Setting up your bookkeeping in a program like Xero sounds like an easy option, right? You create your account, use the standard settings and you’re off. The realities of this however could not be further from the truth and can have a lasting impact on your business. Skip to content

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Why Tradies Shouldn’t use the Xero Standard Chart of Accounts

Article by Newcastle Bookkeeping Plus

Setting up your bookkeeping in a program like Xero sounds like an easy option, right? You create your account, use the standard settings and you’re off. The realities of this however could not be further from the truth and can have a lasting impact on your business.

We’ve compiled some points you need to think about when you’re choosing how to set up your accounts:

What’s important to your industry?

A standard Chart of Accounts tries to be all things to all businesses and for those tradie businesses that want to manage and improve their business, this just isn’t good enough and can result in poor reporting and thus a poor understanding of how your business is truly performing.

Is your Gross Profit being tracked correctly?

Tradie businesses can thrive, survive or die based on their Gross Profit. It’s basically, the difference between your trading income and your direct costs. Direct costs include such things as labour, subcontractors and materials. It’s your gross profit that pays for all of your other business overheads and determines whether your business makes a Net Profit.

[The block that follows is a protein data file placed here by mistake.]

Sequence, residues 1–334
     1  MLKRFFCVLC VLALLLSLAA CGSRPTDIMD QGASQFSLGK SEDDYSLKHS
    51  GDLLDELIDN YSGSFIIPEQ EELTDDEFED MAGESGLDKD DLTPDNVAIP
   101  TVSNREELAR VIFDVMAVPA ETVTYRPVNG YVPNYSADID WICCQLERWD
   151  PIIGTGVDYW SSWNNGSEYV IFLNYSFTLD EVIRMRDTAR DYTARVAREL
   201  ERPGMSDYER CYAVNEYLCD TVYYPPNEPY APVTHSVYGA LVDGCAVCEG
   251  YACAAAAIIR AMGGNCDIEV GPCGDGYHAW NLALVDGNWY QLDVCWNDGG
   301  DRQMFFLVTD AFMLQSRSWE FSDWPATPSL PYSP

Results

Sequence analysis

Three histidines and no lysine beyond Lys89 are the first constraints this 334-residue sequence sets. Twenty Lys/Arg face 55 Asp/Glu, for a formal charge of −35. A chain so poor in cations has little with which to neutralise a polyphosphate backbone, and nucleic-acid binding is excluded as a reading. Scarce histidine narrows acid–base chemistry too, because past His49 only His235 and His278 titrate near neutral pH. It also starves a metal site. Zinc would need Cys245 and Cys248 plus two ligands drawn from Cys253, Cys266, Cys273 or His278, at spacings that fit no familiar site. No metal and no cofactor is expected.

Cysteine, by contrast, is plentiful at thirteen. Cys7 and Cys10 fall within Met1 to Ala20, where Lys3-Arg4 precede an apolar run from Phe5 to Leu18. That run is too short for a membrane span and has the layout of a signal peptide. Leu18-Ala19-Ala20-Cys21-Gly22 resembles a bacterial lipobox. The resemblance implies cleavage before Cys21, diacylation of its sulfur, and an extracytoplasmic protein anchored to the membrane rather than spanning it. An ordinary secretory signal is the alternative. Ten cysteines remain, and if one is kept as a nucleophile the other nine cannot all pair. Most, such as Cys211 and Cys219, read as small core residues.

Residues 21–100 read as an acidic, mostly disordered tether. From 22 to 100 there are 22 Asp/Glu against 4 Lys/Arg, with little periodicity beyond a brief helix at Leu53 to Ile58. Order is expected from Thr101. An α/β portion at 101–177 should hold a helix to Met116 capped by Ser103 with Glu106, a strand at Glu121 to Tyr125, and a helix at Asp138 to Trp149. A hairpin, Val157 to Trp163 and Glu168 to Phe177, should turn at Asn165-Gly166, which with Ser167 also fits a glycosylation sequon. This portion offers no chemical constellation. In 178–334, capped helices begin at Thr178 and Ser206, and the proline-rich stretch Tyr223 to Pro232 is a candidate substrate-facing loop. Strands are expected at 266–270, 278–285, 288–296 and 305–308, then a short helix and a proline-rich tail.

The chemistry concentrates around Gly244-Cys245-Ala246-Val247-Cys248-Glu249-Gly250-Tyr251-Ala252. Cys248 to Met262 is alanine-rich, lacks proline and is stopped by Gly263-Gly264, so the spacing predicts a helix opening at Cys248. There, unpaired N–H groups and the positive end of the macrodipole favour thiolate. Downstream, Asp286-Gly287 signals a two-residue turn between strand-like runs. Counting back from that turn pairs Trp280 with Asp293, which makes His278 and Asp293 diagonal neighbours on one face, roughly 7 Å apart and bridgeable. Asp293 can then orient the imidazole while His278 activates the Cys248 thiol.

Monitor your margins with more focus

A standard Chart of Accounts setup by Xero (or similar) will generally include an account for the purchases of materials. More often than not, everything you buy for a job will be thrown into that one account. What this means is, that if your margins start to deteriorate it will be much harder to find the cause and correct the problem.

Set your Chart of Accounts up correctly – the first time

A well-considered and appropriate Chart of Accounts by Xero (or similar) may reduce the need to set up an account every time a new expense is incurred. In my experience, the more complex a Chart of Accounts is for a business, the more likely that the Profit and Loss will not be as meaningful.

One of the reasons for this is that in a long Chart, you’ll find the same expense coded to a number of different accounts, which results in poor reporting and confusion into true cost of running the business.

Your Chart of Accounts helps you to monitor performance

Monitoring what you do is critical in business. Each industry even has key performance indicators (KPI’s) that help them to determine how they are tracking in comparison to other businesses.

The best performing businesses know what these indicators are, track them and over time improve them. You gross profit percentage is just one of many KPI’s that, when monitored, can help your business to grow. This can only be done when your Chart of Accounts is setup correctly!

The big picture is that without a clearly defined and tailored Chart of Accounts setup from the get-go, your business is in danger of running along without really understanding the path. Planning will always be the key to a successful business, so speaking with a bookkeeper to ensure that your accounts are setup correctly will be of the best investment you’ll make.

Until next time, Troy

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Troy Wink is the driver behind Newcastle Bookkeeping Plus. He is committed to helping small to medium business clients increase their revenue and profits by getting their bookkeeping right. Connect with him on LinkedIn